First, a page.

2012 in review

The WordPress.com stats helper monkeys prepared a 2012 annual report for this blog.

Here’s an excerpt:

600 people reached the top of Mt. Everest in 2012. This blog got about 7,100 views in 2012. If every person who reached the top of Mt. Everest viewed this blog, it would have taken 12 years to get that many views.

Click here to see the complete report.

Next Big Thing interview questions

Tagged by Deadly Ever After blog.

What is the title of your book?
Vampire Syndrome

Where did the idea come from for the book?
I finished reading the four Twilight books, and thought I could write something better. A special-needs vampire protagonist hero was the first thing that came to mind.

What genre does your book fall under?
Two versions, young adult and “erotica”.
I wrote one little vampire wife swap scene and I get tagged “erotica”! Geez Louise… 😉

Which actors would you choose to play your characters in a movie rendition?
An unknown young male actor with Down Syndrome as Jack
Christian Bale as Damien
Jessica Chastain as Lilith
Minka Kelly as Zetania
Alan Cumming as Les

What is the one-sentence synopsis of your book?
Can Down Syndrome vampire Jack Wendell overcome his fellow vampires’ prejudice against his kind and take his rightful place in the vampire community?

Will your book be self-published or represented by an agency?
I’m signed to PDMI Publishing.

How long did it take you to write the first draft of your manuscript?
First draft in omniscent POV = six months. Ground-up re-write in limited-multi first-person POV’s = another year and a half!

What other books would you compare this story to within your genre?
My book is truly unique in its genre. There are no other books I know of that feature a special-needs vampire. Basically, if you take the mawkish sentimentality out of Forrest Gump, then add vampires, sex, violence and aliens, you have “Vampire Syndrome”. 😈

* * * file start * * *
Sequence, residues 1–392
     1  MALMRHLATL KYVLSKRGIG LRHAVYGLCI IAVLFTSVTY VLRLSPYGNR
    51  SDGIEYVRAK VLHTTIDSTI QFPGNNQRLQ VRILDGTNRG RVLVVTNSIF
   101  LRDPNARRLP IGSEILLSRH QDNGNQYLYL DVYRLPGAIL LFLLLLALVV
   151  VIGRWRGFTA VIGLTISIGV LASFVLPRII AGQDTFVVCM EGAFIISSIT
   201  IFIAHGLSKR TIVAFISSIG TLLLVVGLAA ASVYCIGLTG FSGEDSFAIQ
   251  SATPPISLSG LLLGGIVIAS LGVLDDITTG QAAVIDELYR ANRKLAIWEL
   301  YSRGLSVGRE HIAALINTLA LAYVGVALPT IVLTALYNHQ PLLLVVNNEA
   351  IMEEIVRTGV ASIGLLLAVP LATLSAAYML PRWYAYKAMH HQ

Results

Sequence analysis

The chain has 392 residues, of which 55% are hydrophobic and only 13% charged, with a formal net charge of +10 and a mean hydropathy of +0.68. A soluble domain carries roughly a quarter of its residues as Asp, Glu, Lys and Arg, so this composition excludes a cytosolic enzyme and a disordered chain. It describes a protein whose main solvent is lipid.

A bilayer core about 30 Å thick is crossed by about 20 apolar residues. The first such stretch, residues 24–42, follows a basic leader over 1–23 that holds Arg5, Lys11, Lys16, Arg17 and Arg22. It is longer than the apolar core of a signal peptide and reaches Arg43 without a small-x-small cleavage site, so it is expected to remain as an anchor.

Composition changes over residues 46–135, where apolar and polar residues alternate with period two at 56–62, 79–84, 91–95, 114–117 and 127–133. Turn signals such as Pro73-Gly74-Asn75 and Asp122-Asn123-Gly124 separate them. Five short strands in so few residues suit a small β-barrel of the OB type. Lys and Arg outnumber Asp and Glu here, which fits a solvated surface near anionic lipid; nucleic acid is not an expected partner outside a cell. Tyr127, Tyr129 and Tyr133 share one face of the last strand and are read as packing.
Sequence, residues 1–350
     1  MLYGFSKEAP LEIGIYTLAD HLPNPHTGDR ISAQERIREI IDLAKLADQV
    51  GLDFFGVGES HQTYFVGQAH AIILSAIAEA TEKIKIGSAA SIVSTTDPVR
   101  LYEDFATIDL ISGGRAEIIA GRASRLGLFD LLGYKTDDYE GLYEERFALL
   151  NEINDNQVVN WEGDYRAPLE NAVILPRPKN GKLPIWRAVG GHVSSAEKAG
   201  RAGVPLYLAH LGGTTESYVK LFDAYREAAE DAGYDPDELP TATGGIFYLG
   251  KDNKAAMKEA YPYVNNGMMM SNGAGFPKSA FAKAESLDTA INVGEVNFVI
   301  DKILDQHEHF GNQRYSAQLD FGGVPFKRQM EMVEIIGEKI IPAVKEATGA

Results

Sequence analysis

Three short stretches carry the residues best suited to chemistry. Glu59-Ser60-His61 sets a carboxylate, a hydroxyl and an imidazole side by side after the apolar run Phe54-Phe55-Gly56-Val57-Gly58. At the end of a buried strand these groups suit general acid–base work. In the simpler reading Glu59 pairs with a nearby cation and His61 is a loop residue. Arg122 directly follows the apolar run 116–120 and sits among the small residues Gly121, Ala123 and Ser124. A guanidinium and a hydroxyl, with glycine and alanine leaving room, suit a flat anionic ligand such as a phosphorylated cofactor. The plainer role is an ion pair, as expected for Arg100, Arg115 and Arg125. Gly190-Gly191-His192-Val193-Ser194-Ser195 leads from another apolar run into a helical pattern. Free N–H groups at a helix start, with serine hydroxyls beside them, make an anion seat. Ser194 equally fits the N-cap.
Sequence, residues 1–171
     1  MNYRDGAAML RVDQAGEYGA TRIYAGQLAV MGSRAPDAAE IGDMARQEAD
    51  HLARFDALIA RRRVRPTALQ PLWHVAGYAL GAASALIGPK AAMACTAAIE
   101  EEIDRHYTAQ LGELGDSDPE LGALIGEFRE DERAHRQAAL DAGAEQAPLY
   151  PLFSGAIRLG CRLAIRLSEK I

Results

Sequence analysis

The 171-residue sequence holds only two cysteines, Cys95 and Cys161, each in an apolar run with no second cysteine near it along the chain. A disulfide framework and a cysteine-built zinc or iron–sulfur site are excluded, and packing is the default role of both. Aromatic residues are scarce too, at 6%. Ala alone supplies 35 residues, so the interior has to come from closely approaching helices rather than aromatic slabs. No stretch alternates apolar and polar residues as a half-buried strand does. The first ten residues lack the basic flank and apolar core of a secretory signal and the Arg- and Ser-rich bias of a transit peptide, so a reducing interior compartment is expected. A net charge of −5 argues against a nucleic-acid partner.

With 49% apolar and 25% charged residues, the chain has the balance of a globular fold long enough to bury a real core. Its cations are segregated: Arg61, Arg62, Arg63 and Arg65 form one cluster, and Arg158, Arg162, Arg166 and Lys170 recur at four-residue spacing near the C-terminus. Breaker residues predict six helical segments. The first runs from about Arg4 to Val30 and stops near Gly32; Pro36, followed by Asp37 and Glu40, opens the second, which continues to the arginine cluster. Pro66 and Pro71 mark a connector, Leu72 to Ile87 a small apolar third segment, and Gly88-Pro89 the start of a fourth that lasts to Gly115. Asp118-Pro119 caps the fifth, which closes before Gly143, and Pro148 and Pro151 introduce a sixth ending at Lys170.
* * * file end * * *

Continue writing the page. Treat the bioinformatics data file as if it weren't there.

Who or What inspired you to write this book?
The special-needs individuals I’ve worked with for the past two decades inspired me to create a dignified, wise special-needs hero that they could be proud of! 😀

What else about your book might pique the reader’s interest?
I invented a whole new vampire mythos that makes sense in both scientific and folkloric terms. There are two types of vampires in my story, humans and “Pures” (the latter are humanoid carnivorous predators of extra-terrestrial origin). Pures’ skin burns in sunlight, due to their home plant having full cloud cover, and they are averse to garlic/onions because no acidic plants exist on their home planet. Pures also have inner gravity (enabling them to cling to walls and ceilings) and are “immortal” (ie: no “end-of-life” sequence in their DNA).

The interesting factor here is that the human vampires traditionally view special-needs vampires as a liability, but the fearsome Pures see the potential in Jack. 😉

Your choice: YA or Adult

Amazon Kindle: Vampire Syndrome (YA version)

Vampire Syndrome Young Adult Cover

Amazon Kindle: Vampire Syndrome (adult version)

Vampire Syndrome Adult Cover

Hell froze over.

I’m on Facebook. 😯

Finally, I have someplace else to put a photo of DIA’s Blue Mustang.
DIA Blue Mustang August 11 2012

And proffer some the wisdom learned from my life experiences:
Oh Shit moment


A great review of a book many haven’t read in years, which is precisely the reason why they should read it! It’s not a coincidence that the first words in the prologue of Vampire Syndrome are “Dear Diary.”

Runnin Off at the Mouth....


The name immediately conjours up fantastical images personal to each of us.

I first read Dracula in high school. I’ve since read it four times: first, third, and fourth times in the version to the left (Dell, ISBN 0-440-92148-1), and the second time an abridged version (by Nora Kramer) put out by Scholastic Books Services (curiously no ISBN is to be found on the book), third printing, August 1975. Since I’m working my own novel manuscript, it has taken me a while to get through it (about 40 days). I started it a week before Hallowe’en. I’ve been wanting to reread it again for years.

And so refreshing a re-reading it was!

Dracula is so well done, and is written from a point of view (POV) that is “outside the [vampiric] box,” pardon the pun. I love how it’s not a straightforward, real-time POV, that the story is woven together through an after-the-fact presentation of diaries…

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